Discover the Best Thai Chili Substitute for More Spice!

There are so many different types of peppers made for various dishes, and there’s even one called the Thai chili. (*)

You’re probably familiar with this vegetable already, which is extremely popular in, yup, you guessed it, Thai cuisine. While these peppers aren’t the spiciest in the world, they pack a punch, giving infamous Thai dishes the heat to match the other ingredients’ delicious flavors.

But what if you’re in the store and you realize they have no Thai peppers available, or you forgot to stock up, what’s there to do?

Don’t worry; you can always go for a Thai chili substitute to get that heat into your favorite recipes.

Read on for our complete list of good substitutes for Thai chili!

What’s Thai Chili?

Before anything else, what are Thai chilies in the first place?

These are among the most used peppers not only in Thai but also in various Asian cuisines. Like other peppers, these will give your dishes a spicy flavor!

Thai chili is red when they ripen but either green, yellow, or orange when unripe. Expect an intense heat ranging from 50,000-100,000 SHU with a fruity and peppery flavor.

There are many ways to use Thai chili, either fresh or dried, in curries, marinades, stir-fries, soups, and salads. You can even pickle Thai chilies!

Fun fact: 

Thai chili has other names, including the bird’s chili, bird’s eye chili, and the Cili Padi.

While you can usually find Thai chili in supermarkets or online stores, there will understandably be times that you can’t get a hold of them.

You can always try any of these Thai chili substitutes to add some heat, though the spice levels vary!

What’s a Good Substitute for Thai Chili?

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1. Cayenne Pepper

Cayenne peppers are another popular hot pepper that can come in fresh or dried form, giving dishes the spicy flavor that you want.

It has a heat level of 30,000-50,000 SHU, best used in sauces, stews, soups, stir-fries, dressings, and marinades.

Cayenne peppers have a similar flavor to Thai chilies but aren’t as spicy. You may want to add more, adjusting to your preferred taste.

2. Serrano Pepper

Serrano peppers are another chili pepper popularly used in Southeast Asian and Mexican cuisines. These peppers have a bright and grassy flavor, working well in salsas, soups, and sauces, among other recipes. (*)

Since Serrano peppers have a heat level ranging from 10,000-23,000 SHU, they aren’t as hot as Thai chili. However, they make a fantastic Thai chili substitute since they have similar flavors.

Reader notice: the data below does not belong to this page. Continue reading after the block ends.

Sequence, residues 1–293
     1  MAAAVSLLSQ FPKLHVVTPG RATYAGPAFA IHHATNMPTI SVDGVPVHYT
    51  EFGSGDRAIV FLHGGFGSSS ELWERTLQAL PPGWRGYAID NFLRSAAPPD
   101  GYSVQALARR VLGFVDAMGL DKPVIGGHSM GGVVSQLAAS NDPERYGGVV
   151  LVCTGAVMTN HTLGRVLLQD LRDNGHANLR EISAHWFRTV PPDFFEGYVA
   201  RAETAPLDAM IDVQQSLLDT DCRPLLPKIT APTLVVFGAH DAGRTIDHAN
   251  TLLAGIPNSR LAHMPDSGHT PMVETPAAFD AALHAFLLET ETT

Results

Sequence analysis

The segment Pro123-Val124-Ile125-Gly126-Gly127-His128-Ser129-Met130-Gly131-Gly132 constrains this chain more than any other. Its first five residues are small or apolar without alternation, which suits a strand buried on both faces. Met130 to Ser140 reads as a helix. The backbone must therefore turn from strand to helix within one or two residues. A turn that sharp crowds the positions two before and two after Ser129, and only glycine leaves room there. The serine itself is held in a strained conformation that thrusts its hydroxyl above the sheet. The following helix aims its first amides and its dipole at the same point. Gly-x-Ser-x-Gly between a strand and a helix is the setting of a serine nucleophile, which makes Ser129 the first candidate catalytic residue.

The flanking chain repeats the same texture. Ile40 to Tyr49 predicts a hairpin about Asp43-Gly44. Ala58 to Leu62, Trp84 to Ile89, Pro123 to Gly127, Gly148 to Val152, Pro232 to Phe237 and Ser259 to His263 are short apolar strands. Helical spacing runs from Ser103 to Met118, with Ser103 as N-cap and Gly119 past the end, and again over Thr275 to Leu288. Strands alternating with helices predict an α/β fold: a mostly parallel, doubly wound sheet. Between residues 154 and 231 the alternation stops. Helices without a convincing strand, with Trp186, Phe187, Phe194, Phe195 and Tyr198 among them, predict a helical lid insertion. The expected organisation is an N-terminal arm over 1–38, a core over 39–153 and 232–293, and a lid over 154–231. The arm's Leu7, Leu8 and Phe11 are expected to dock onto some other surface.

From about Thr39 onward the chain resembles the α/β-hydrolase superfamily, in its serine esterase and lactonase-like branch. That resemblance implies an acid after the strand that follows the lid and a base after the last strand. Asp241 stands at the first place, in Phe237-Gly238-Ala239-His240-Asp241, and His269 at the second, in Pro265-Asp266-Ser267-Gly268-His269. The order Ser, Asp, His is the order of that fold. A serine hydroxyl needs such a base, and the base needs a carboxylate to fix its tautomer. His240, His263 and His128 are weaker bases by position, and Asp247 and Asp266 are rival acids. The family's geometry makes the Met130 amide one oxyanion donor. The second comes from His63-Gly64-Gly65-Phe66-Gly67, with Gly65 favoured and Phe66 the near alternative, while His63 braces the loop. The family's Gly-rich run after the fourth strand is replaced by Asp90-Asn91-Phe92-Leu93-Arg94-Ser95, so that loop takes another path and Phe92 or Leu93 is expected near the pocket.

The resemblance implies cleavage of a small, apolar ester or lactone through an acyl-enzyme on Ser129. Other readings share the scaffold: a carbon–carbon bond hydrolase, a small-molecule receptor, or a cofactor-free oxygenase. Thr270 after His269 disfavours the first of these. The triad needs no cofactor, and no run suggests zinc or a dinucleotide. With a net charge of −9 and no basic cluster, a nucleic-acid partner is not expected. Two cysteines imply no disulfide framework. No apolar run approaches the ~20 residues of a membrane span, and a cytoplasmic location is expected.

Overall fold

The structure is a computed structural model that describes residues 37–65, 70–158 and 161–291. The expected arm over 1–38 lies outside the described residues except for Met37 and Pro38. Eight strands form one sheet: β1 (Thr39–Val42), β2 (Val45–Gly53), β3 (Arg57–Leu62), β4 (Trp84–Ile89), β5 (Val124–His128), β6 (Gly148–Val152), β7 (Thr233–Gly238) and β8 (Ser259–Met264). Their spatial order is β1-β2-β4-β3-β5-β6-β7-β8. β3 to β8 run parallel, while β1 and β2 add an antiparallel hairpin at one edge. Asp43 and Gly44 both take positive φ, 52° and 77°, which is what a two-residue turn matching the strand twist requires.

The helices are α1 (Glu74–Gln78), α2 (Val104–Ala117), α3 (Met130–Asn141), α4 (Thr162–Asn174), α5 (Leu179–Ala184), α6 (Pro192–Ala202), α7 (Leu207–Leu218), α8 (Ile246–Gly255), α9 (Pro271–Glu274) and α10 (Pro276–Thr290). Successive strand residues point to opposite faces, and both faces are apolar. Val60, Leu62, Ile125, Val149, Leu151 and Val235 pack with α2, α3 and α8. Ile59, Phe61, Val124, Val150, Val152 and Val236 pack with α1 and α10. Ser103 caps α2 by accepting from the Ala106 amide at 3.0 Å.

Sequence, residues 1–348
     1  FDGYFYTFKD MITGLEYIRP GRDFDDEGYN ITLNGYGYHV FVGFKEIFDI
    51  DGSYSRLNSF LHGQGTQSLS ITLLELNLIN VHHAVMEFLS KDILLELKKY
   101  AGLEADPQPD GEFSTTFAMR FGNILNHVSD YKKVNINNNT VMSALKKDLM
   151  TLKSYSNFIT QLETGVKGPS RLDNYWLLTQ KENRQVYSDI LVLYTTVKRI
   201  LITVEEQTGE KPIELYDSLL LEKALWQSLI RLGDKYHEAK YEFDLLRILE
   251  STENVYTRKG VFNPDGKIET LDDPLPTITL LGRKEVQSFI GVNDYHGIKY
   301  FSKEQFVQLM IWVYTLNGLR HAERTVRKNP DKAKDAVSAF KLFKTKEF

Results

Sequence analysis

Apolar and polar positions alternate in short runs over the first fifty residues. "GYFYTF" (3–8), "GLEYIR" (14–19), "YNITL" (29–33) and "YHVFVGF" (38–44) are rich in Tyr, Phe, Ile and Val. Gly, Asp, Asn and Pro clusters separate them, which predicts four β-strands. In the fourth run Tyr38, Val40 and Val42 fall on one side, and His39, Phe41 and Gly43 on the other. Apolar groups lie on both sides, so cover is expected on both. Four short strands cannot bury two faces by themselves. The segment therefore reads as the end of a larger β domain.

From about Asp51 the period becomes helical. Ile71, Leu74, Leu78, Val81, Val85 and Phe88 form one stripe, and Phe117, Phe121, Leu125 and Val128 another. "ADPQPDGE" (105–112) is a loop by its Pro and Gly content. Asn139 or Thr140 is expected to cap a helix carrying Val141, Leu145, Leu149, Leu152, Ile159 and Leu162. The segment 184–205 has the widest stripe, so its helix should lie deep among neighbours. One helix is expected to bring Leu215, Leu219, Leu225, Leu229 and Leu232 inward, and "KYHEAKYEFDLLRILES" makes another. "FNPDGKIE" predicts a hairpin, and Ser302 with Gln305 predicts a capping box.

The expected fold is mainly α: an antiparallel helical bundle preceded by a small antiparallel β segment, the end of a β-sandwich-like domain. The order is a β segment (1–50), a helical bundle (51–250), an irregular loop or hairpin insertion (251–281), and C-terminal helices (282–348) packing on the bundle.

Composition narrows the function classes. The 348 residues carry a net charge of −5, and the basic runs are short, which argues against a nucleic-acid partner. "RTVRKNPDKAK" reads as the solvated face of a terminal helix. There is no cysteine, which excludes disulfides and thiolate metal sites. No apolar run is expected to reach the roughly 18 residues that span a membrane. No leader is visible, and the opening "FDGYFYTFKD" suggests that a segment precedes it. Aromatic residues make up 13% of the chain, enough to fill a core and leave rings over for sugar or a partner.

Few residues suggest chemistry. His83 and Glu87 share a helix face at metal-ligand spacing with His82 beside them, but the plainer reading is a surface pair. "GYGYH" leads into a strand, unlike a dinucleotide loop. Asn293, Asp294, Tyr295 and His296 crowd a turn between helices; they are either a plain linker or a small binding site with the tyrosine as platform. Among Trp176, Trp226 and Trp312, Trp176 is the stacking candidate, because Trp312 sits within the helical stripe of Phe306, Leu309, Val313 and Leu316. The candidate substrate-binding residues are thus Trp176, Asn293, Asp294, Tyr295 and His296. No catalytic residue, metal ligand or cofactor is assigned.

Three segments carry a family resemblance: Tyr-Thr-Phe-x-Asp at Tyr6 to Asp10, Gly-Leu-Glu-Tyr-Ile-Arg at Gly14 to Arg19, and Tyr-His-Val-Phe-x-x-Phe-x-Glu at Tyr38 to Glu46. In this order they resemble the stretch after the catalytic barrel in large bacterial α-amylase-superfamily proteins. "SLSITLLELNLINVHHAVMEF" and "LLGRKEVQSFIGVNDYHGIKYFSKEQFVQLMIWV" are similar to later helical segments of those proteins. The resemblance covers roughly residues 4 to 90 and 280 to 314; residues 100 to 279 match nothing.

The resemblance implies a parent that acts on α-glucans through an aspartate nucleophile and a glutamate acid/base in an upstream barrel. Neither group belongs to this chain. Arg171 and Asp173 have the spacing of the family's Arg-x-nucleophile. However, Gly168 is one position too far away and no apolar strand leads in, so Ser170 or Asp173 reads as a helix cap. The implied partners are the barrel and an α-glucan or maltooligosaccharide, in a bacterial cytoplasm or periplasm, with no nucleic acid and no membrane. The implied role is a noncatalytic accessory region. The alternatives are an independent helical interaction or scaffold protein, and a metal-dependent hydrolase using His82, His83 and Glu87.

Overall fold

You may just need to add more to get the desired heat level.

3. Jalapeno Pepper

Jalapeno peppers are much less spicy than Thai chili, having a heat level ranging from 3,500-8,000 SHU.

They aren’t as hot, so you can use even more of them to achieve your desired spiciness level.

We recommend using them when green, but you can leave them to be ripe until they turn red.

If your salsa, salad, stew, soup, sauce, or other dish requires Thai chili, jalapenos are a great choice. Plus, they may be more readily available in stores!

4. African Bird’s Eye Chile

These are also called the Piri-Piri or Peri-Peri.

The African bird’s eye chile is about one inch long, but they pack quite a punch, with their heat ranging from 50,000 to 175,000 SHU.

You can use it in many different dishes, having a spicy, smoky, and lightly sweet flavor.

We recommend using it in recipes like salsas, dry rubs, marinades, or sauces.

They are also an excellent seasoning for rice, soups, stews, and meat dishes.

5. Chile de Arbol

This Mexican chili pepper isn’t as spicy as Thai chili but still enough at 15,000-30,000 SHU.

Chile de Arbol is red with a nutty, smoky flavor. You can find it in fresh, dried, or powdered form.

To get that spicy and nutty flavor, we love using this chili for salsas, sauces, stews, soups, marinades, and other dishes!

Note that this is less spicy than Thai chilies, so you can use more of it (or an equal amount to lessen the heat).

6. Habanero Pepper

If the jalapeno and chile de Arbol are less spicy than the Thai chili, the Habanero pepper is made for those who want their food ultra-spicy!

These peppers feature heat levels of 100,000-350,000 SHU with a hot, fruity, and slightly sweet and smoky flavor.

It’s perfect in salsas, marinades, sauces, dressings, and dry rubs.